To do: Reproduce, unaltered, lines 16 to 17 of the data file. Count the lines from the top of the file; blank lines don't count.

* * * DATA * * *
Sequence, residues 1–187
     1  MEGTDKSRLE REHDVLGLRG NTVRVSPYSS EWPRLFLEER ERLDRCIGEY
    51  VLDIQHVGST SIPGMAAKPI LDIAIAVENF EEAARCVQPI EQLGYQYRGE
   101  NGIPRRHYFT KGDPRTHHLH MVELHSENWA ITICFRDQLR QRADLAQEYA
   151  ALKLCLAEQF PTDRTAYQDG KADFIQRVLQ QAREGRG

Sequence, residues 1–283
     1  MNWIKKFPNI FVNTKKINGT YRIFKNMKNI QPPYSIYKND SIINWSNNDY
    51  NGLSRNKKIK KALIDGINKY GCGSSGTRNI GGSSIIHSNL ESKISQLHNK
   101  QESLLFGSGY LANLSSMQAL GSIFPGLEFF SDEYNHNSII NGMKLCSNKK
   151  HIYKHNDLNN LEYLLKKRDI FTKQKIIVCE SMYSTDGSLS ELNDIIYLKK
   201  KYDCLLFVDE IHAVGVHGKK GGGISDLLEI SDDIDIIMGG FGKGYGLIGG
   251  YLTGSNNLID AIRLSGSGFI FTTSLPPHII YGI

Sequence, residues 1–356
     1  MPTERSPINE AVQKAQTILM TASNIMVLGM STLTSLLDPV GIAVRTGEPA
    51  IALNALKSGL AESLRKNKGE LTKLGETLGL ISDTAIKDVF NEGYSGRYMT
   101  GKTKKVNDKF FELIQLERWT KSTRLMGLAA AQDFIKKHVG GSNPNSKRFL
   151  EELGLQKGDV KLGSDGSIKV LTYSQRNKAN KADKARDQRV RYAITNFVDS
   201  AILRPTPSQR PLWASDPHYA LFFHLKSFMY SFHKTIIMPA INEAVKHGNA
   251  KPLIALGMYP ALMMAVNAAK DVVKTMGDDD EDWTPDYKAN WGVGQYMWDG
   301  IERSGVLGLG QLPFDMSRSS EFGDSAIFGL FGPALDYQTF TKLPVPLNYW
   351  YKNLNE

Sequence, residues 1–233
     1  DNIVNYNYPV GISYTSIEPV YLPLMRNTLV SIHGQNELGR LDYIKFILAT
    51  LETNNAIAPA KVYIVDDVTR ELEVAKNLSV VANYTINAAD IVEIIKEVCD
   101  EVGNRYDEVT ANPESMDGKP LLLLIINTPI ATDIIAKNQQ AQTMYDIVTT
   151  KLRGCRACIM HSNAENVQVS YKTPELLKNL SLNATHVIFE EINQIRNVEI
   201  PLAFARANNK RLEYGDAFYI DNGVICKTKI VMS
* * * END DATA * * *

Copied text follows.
   101  GKTKKVNDKF FELIQLERWT KSTRLMGLAA AQDFIKKHVG GSNPNSKRFL
   151  EELGLQKGDV KLGSDGSIKV LTYSQRNKAN KADKARDQRV RYAITNFVDS